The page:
You may have seen my recent blog about the Overcompensation Model, if not it’s worth a read before starting this.

The Super Compensation Model above shows a little more detail and what happens if you don’t get it right. Although named slightly different they are essentially the same model, just this one showing more detail. The biological state before stimulus is your baseline fitness before you stress it, or fatigue it through training.

Now the tricky part, as described in my overcompensation blog, is getting the right amount of training stimulus before starting your recovery. The yellow line shows not enough training and red line shows too much. Of course, with enough recovery the red line will eventually return to the baseline and sometimes peak above, providing an over-trained state wasn’t present for too long. The yellow line may also peak above baseline, but, not with as greater benefit, as is shown by the green line.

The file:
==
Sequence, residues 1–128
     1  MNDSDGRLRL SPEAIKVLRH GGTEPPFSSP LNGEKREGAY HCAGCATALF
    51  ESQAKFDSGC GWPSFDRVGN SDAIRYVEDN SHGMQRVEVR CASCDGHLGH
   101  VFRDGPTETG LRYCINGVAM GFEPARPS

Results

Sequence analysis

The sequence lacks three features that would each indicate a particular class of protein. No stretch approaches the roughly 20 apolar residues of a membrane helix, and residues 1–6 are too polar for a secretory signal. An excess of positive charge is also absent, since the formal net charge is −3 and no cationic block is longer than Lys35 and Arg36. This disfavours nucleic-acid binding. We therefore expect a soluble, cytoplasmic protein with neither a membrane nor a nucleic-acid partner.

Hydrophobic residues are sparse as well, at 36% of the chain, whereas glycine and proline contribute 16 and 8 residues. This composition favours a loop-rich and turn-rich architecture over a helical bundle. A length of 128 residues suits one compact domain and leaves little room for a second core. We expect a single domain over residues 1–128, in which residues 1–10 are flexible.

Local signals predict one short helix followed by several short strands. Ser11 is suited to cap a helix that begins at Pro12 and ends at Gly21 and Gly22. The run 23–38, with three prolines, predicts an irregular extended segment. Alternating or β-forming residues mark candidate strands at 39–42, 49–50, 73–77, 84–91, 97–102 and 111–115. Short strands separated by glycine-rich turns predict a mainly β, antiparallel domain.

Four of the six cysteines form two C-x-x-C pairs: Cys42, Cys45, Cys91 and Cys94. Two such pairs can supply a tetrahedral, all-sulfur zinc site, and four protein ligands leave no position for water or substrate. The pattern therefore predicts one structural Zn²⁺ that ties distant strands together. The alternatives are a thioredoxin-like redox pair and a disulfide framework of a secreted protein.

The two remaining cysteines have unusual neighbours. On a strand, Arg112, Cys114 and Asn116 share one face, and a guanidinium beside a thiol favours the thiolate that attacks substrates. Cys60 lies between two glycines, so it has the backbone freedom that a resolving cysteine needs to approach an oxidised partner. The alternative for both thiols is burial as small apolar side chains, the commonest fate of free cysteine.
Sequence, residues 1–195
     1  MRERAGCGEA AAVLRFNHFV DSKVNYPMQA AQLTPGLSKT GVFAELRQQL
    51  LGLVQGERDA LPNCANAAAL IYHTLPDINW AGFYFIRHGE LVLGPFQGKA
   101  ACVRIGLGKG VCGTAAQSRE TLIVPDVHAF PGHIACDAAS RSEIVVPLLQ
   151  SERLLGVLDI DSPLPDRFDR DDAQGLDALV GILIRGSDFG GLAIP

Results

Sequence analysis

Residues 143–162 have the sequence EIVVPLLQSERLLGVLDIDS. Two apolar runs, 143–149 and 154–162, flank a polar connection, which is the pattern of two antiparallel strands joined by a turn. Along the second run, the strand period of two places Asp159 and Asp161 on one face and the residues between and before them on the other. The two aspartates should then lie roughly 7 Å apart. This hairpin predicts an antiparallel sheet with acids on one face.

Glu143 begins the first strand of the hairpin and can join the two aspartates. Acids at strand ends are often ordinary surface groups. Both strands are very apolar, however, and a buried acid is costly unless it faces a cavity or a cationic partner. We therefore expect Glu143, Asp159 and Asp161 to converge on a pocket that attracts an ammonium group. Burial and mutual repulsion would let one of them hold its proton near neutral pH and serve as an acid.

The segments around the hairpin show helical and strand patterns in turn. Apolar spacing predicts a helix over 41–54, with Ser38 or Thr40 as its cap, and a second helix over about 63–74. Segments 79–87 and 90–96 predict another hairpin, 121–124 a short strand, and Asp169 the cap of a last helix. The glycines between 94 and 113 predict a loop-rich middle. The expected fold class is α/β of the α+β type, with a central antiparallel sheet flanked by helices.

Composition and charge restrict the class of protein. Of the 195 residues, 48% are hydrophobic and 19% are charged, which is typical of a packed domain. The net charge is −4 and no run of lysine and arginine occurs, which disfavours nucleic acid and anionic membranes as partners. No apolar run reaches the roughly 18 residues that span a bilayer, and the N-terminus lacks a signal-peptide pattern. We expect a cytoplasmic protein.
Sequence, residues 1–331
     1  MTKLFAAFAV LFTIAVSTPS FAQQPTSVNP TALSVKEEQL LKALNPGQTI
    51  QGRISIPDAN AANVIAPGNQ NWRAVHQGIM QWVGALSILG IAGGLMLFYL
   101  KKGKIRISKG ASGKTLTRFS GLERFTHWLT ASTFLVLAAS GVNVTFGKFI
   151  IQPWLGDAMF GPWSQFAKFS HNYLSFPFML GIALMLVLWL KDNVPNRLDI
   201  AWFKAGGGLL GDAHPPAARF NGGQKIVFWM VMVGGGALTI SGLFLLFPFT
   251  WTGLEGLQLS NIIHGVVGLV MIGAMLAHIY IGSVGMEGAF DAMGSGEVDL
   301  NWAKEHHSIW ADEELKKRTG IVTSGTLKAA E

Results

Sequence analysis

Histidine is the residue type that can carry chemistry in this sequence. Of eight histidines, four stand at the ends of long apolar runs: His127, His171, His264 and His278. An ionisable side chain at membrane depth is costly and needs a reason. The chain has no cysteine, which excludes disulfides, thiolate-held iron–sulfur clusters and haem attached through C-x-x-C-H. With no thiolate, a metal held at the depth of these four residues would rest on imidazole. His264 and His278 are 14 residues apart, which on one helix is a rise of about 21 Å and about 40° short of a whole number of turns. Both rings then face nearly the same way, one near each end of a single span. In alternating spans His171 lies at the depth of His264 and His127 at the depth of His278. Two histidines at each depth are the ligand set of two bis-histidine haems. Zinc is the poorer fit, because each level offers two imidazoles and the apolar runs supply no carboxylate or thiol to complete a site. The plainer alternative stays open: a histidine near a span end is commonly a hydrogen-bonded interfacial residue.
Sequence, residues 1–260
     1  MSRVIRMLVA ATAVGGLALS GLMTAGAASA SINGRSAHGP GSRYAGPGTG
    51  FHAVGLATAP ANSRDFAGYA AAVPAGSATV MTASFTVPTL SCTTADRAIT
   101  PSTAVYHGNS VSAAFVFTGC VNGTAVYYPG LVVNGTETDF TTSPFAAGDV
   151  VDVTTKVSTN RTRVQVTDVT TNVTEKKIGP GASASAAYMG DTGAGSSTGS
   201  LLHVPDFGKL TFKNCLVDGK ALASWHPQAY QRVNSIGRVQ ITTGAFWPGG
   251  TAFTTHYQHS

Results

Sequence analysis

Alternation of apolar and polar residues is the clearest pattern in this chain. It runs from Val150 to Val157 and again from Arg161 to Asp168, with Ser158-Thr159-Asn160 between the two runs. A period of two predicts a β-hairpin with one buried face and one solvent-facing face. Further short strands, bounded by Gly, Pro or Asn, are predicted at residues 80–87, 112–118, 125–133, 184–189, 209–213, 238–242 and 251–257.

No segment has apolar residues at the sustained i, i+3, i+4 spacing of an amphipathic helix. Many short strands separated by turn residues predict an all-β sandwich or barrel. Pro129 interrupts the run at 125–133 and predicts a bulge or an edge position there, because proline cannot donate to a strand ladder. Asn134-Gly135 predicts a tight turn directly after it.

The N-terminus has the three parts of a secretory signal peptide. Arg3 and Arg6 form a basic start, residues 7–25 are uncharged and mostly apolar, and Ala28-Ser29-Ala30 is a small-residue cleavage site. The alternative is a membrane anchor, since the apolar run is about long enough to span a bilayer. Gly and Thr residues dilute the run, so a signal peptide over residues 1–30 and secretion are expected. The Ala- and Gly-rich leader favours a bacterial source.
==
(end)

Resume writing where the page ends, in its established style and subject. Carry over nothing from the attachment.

Checkout the letters A, B & C. They are placed where you might start training again after allowing some recovery time (perhaps a week or so). If you were to apply new training stimulus too early, as shown by the letter A, you wouldn’t have allowed enough time to recover and therefore essentially starting from baseline rather than a fitter state (thus potentially wasting the previous phase of training or not allowing you to be sufficiently recovered to complete the next phase).

If you apply the new training too late, as shown by the letter C, you have allowed too much recovery and subsequently detrained (essentially, as with A, you are back to baseline fitness). With letters A and C you can see that all the previous training, fatigue and recovery have been for very little, if any, improvement.

The best time to apply new training stimulus is shown by the letter B. This is the point where the body has recovered just the right amount in order to have seen adaptation and then be effective in upcoming training. You can see the longer term benefits of this (and what happens if you get it wrong) in the Ideal Training & Recovery Model.

The hard part is timing it right. There is no one size fits all approach to this and it can take years to get it right. If you decide to go it alone the best advice I can give you is to keep a training diary so you can look back on previous phases of training and see how and what worked and more importantly what didn’t.

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